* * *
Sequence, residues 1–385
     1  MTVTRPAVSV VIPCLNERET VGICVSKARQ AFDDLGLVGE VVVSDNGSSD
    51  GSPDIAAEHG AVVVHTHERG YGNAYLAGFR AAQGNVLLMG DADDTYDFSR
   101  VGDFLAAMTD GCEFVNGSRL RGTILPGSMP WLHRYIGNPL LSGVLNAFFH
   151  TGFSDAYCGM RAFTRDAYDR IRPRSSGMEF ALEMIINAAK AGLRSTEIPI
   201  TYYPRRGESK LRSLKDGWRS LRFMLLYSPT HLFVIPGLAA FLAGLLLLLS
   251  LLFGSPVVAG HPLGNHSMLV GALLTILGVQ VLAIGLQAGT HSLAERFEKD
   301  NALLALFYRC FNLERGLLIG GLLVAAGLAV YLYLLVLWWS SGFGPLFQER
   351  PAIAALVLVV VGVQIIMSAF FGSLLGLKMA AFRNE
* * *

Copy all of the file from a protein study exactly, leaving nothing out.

Sequence, residues 1–385
     1  MTVTRPAVSV VIPCLNERET VGICVSKARQ AFDDLGLVGE VVVSDNGSSD
    51  GSPDIAAEHG AVVVHTHERG YGNAYLAGFR AAQGNVLLMG DADDTYDFSR
   101  VGDFLAAMTD GCEFVNGSRL RGTILPGSMP WLHRYIGNPL LSGVLNAFFH
   151  TGFSDAYCGM RAFTRDAYDR IRPRSSGMEF ALEMIINAAK AGLRSTEIPI
   201  TYYPRRGESK LRSLKDGWRS LRFMLLYSPT HLFVIPGLAA FLAGLLLLLS
   251  LLFGSPVVAG HPLGNHSMLV GALLTILGVQ VLAIGLQAGT HSLAERFEKD
   301  NALLALFYRC FNLERGLLIG GLLVAAGLAV YLYLLVLWWS SGFGPLFQER
   351  PAIAALVLVV VGVQIIMSAF FGSLLGLKMA AFRNE